Pubmed Abstract | Pubmed Full Text | CrossRef Full Text

Schupp, H. T., Junghöfer, M., Weike, A. I., and Hamm, A. O. (2003). Attention and emotion: an ERP analysis of facilitated emotional stimulus processing. Neuroreport 14, 1107–1110.

Pubmed Abstract | Pubmed Full Text | CrossRef Full Text

Schupp, H. T., öhman, A., Junghöfer, M., Weike, A. I., Stockburger, J., and Hamm, A. O. (2004). The facilitated processing of threatening faces: An ERP analysis. Emotion 4, 189–200.

Pubmed Abstract | Pubmed Full Text | CrossRef Full Text

Schupp, H. T., Stockburger, J., Bublatzky, F., Junghöfer, M., Weike, A. I., and Hamm, A. O. (2008). The selective processing of emotional visual stimuli while detecting auditory targets: An ERP analysis. Brain Res. 1230, 168–176.

Pubmed Abstract | Pubmed Full Text | CrossRef Full Text

Schupp, H. T., Stockburger, J., Codispoti, M., Junghöfer, M., Weike, A. I., and Hamm, A. O. (2007). Selective visual attention to emotion. J. Neurosci. 27, 1082–1089.

Pubmed Abstract | Pubmed Full Text | CrossRef Full Text

Schwarzlose, R. F., Baker, C. I., and Kanwisher, N. (2005). Separate face and body selectivity on the fusiform gyrus. J. Neurosci. 25, 11055–11059.

Pubmed Abstract | Pubmed Full Text | CrossRef Full Text

Statistisches Bundesamt (2005). Statistisches Jahrbuch 2005 für die Bundesrepublik Deutschland. Wiesbaden: Statistisches Bundesamt.

Strack, F., and Deutsch, R. (2004). Reflective and impulsive determinants of social behavior. Pers. Soc. Psychol. Rev. 8, 220–247.

Pubmed Abstract | Pubmed Full Text | CrossRef Full Text

Tucker, D. M., Derryberry, D., Luu, P., and Phan, K. L. (2000). “Anatomy and physiology of human emotion: Vertical integration of brainstem, limbic, and cortical systems,” in The Neuropsychology of Emotion, ed. J. C. Borod (New York, NY: Oxford University Press), 56–79.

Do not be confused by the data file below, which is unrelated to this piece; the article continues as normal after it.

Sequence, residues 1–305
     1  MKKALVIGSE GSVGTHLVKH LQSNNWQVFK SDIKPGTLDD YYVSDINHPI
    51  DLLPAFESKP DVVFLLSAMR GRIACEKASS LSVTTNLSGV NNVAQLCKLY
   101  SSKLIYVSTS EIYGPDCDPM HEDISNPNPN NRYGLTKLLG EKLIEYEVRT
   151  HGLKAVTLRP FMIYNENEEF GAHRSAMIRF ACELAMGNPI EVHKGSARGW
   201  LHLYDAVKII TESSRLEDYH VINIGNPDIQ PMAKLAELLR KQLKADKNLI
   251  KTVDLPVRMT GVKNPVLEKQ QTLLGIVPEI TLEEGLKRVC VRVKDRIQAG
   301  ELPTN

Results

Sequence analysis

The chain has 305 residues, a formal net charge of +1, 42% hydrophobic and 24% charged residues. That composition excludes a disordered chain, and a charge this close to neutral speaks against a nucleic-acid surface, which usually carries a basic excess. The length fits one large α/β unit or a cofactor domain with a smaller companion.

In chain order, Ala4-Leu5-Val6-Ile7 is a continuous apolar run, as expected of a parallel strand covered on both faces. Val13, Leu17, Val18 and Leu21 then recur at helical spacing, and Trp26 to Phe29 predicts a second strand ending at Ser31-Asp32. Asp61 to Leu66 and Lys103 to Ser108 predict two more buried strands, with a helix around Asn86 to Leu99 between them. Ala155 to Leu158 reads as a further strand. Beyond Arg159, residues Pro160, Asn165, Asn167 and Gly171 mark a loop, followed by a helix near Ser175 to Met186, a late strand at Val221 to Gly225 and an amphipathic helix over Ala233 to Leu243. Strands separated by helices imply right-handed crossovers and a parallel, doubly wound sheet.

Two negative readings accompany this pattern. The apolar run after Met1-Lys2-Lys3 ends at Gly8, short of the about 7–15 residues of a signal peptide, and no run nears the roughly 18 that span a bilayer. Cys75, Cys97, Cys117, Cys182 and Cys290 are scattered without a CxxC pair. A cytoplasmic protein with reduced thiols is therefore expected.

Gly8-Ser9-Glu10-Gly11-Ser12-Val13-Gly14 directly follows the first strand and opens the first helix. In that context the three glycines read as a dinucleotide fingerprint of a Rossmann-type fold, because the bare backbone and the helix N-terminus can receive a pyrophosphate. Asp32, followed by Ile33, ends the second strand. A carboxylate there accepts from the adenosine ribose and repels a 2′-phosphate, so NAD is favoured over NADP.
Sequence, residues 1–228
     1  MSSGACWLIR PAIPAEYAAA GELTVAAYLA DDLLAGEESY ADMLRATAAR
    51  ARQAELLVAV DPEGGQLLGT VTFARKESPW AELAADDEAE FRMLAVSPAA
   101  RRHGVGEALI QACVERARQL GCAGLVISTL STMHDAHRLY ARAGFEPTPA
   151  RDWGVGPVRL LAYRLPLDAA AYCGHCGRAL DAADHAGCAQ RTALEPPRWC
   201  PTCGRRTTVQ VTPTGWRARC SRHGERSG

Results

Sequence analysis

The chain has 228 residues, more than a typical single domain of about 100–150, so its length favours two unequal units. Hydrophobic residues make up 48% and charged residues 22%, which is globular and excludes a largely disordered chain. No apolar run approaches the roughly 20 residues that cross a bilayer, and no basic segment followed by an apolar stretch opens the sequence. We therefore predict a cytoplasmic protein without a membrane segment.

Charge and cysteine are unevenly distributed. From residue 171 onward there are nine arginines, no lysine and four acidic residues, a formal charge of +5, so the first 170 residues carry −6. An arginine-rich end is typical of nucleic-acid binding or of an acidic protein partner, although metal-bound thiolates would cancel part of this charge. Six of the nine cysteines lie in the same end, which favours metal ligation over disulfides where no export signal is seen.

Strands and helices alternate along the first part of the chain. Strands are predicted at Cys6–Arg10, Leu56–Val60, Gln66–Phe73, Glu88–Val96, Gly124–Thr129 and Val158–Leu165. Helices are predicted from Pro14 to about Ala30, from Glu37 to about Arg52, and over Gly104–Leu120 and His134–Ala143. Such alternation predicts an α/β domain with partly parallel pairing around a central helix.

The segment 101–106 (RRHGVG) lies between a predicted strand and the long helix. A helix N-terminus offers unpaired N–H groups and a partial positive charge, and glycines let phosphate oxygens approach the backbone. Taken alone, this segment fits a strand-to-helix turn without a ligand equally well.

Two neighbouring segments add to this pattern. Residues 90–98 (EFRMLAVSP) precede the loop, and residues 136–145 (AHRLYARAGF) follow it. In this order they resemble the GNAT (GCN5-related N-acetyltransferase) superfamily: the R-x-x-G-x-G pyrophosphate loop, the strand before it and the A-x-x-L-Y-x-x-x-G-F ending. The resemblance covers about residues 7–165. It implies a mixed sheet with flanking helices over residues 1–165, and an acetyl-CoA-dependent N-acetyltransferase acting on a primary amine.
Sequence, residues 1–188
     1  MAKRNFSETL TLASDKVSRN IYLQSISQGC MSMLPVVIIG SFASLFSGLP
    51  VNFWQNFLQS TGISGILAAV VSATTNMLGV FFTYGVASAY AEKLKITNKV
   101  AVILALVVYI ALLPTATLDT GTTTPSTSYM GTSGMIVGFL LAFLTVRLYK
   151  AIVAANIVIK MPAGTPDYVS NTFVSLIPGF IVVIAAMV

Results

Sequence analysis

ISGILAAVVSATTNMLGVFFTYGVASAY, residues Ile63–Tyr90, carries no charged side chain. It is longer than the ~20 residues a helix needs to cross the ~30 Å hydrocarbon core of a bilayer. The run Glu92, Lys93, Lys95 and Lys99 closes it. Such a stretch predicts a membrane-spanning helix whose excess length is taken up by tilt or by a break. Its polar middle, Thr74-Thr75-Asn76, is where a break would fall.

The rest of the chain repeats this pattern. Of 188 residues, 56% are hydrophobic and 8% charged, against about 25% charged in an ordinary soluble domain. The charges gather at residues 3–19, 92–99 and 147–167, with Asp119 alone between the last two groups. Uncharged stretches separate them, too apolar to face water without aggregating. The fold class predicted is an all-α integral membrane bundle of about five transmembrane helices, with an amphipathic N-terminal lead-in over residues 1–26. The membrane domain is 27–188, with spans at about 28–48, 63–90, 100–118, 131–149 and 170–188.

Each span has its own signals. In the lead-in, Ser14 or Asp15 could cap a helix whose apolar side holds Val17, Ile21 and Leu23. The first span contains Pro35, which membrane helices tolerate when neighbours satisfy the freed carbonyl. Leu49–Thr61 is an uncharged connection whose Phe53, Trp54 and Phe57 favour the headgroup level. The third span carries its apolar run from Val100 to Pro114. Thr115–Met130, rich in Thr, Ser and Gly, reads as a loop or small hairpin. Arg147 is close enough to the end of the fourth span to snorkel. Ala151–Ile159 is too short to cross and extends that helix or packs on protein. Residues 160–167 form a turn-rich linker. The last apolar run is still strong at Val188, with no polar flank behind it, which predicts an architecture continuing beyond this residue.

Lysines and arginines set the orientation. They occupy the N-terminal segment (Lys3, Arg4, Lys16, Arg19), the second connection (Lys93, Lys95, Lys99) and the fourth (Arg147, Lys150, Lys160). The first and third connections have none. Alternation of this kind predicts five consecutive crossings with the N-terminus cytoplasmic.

Van Berkum, J. J., Holleman, B., Nieuwland, M., Otten, M., and Murre, J. (2009). Right or wrong? The brain’s fast response to morally objectionable statements. Psychol. Sci. 20, 1092–1099.

Pubmed Abstract | Pubmed Full Text | CrossRef Full Text

Vuilleumier, P. (2005). How brains beware: neural mechanisms of emotional attention. Trends Cogn. Sci. (Regul. Ed.) 9, 585–594.

Pubmed Abstract | Pubmed Full Text

Wieser, M. J., Mühlberger, A., Kenntner-Mabiala, R., and Pauli, P. (2006). Is emotion processing affected by advancing age? An event-related brain potential study. Brain Res. 96, 138–147.

CrossRef Full Text

Wieser, M. J., Pauli, P., Reicherts, P., and Mühlberger, A. (2010). Don’t look at me in anger!? Enhanced processing of angry faces in anticipation of public speaking. Psychophysiology 47, 271–280.

Pubmed Abstract | Pubmed Full Text | CrossRef Full Text

Zajonc, R. B. (1980). Feeling and thinking: Preferences need no inferences. Am. Psychol. 35, 151–175.

CrossRef Full Text

Keywords: emotion, attention, MEG, EEG, consumer goods, EPN, EPNm

Citation: Junghöfer M, Kissler J, Schupp HT, Putsche C, Elling L and Dobel C (2010). A fast neural signature of motivated attention to consumer goods separates the sexes. Front. Hum. Neurosci. 4:179. doi: 10.3389/fnhum.2010.00179

Received: 04 March 2010; Paper pending published: 06 May 2010;
Accepted: 29 August 2010; Published online: 20 September 2010.

Edited by:

Hauke R. Heekeren, Max Planck Institute for Human Development, Germany

Reviewed by:

Manfred Herrmann, University of Bremen, Germany
Annekathrin Schacht, Humboldt University, Germany
Andreas Mühlberger, University of Würzburg, Germany

Copyright: © 2010 Junghöfer, Kissler, Schupp, Putsche, Elling and Dobel. This is an open-access article subject to an exclusive license agreement between the authors and the Frontiers Research Foundation, which permits unrestricted use, distribution, and reproduction in any medium, provided the original authors and source are credited.

*Correspondence: Markus Junghöfer, Institute for Biomagnetism and Biosignalanalysis, University of Münster, Malmedyweg 15, 48149 Münster, Germany. e-mail: